Here comes the cold (dadadada) + What’s up with Probcast?

December 5, 2009

9:46 P.M.

Greetings. Looking at the latest radar image, it does not seem like we are going to get much in the way of snow tonight, as most of the snow appears to be heading east of the area. Most of it is wrapped around the northeastern corner of the Olympics by Sequim. Here, northeasterly winds flowing out from the Fraser River Valley pick up moisture as they come across the strait, and as they slam into the mountains by Sequim, clouds and precipitation (usually in the form of snow) are created. The ironic thing is that the Olympics usually keep Sequim dry; most of our weather comes from the southwest, leaving Sequim on the drier, lee side of most storms. However, when winds come from the northeast, orographic (topographically enhanced) precipitation occurs around Sequim and other areas around there. There is also some snow extending southward from there, but it is quite light and accumulations should not amount to much. Sequim should see several inches of snow, and as long as we are getting these arctic outflow winds from the Fraser River Valley, I can’t think of any reason why this “Strait Effect” snow would stop.

Let’s take a look at one of my favorite charts of them all, the UW mm5 1000-500 mb thickness chart. Remember, this is the thickness in linear units of the atmosphere, and is good for giving an approximation of how warm or cold the air is. Since cold air is more dense, it will have a lower thickness within the same millibar levels. The inverse is true for hot air. So the tropics have much higher thickness levels than the polar regions.

As you can see with this guy, very cold arctic air is seeping into our region from Canada. However, the highs here during this period are expected to be much higher than places further east with similar thicknesses. We should see a high of around 30 Monday, but Butte, Montana, will be lucky to get a positive value for a high. Why is this? You see, when we have arctic outbreaks, the air flows out of the Fraser River valley, but due to the many decreases in elevation it undergoes as it makes its way southward, it warms up and is significantly modified. If we didn’t have the Cascades or Rockies blocking us from this cold air, we would get quite a bit more snow days.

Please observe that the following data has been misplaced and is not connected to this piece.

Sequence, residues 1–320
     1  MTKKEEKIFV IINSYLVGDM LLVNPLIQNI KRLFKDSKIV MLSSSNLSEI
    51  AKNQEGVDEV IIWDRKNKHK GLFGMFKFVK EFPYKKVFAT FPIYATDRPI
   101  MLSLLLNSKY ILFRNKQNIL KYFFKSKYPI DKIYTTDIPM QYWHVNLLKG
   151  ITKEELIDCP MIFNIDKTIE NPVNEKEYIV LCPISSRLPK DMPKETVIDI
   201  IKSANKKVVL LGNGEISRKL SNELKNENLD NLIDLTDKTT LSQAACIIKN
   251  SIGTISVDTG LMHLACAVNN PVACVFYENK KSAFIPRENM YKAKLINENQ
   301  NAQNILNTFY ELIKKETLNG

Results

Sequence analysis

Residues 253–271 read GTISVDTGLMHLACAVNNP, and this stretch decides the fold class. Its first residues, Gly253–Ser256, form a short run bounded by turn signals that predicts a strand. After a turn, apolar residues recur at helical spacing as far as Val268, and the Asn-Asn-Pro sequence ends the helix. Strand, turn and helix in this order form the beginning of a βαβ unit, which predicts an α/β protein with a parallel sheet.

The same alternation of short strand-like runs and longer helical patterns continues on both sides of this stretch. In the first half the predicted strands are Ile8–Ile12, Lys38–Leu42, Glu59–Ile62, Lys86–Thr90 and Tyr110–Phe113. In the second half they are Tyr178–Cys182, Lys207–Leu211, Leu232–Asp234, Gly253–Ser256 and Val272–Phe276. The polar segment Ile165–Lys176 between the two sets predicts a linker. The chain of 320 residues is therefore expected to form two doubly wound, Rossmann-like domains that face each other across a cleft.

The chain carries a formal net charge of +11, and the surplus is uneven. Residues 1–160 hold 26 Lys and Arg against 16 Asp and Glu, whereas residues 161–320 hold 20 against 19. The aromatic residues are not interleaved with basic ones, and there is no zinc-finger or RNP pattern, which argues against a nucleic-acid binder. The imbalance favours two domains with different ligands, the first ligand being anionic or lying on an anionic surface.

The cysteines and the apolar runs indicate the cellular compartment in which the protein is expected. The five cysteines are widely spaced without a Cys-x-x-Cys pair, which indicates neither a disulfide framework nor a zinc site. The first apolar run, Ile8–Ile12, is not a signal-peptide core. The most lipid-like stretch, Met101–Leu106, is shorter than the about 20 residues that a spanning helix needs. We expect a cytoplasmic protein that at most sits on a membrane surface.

I am expecting highs in the low 30s tomorrow and around 30 Monday. Tuesday and Wednesday will be warmer, with highs in the mid 30s and around 40 respectively. It will be sunny and dry all of these days. Sorry guys. 😦

I should note that it is possible that the cold weather will stick around longer though, because sometimes the cold air at the surface is tough to scour out even as more moderating Pacific air overrides it.

Speaking of Pacific air, we will start to see some more moisture work its way into our region later in the week, but by then, highs will be in the low 40s, so I’m not expecting much in the ways of snow. That said, details can change, and it is very possible that we may see a fringe snow event. But I am expecting nothing like last year.

One thing that I noticed people talking on Cliff Mass’ blog about and that Garfield sophomore Nicholas Efthimiadis (a self-proclaimed weather nut in his own right) were the completely wacky predictions made by Probcast, a forecast model that works using probability and statistics to convey to probabilities of different outcomes occuring as opposed to just having one model run and trying to make a forecast after that. It is Cliff Mass’ project, and is extremely accurate in most cases.

Right now, though, it is not accurate at all. The image above is a mapped prediction of low temperatures for Monday night in the region. It is expecting Seattle to have a low of 7 degrees. That’s soooooo cold! It says the lowest we could possibly get is 3 degrees (which would be one of the coldest nights ever) and the highest we could get is 12 degrees (which would still be among some of the colder nights ever). I don’t have to overthink this scenario. Probcast is wrong. Although I wish it wasn’t, it is. I wonder what exactly is up with it.

I’ll keep you guys posted. Keep reading, and let me know what you like! This blog exists because of you – otherwise I’d just keep a weather journal or something. Have a good weekend and bundle up!

Charlie

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3 thoughts on “Here comes the cold (dadadada) + What’s up with Probcast?

  1. I think one of the big advantages of a system like Probcast is that it's putting model data out there. While the folk who run the models have a natural tendency to shove massive screwups like these 'way too cold' forecasts during the cold-and-clear period, Probcast make the mistakes obvious – and then the people running the models are forced to acknowledge those errors and hopefully fix them. As a result, the models get better!

    Like

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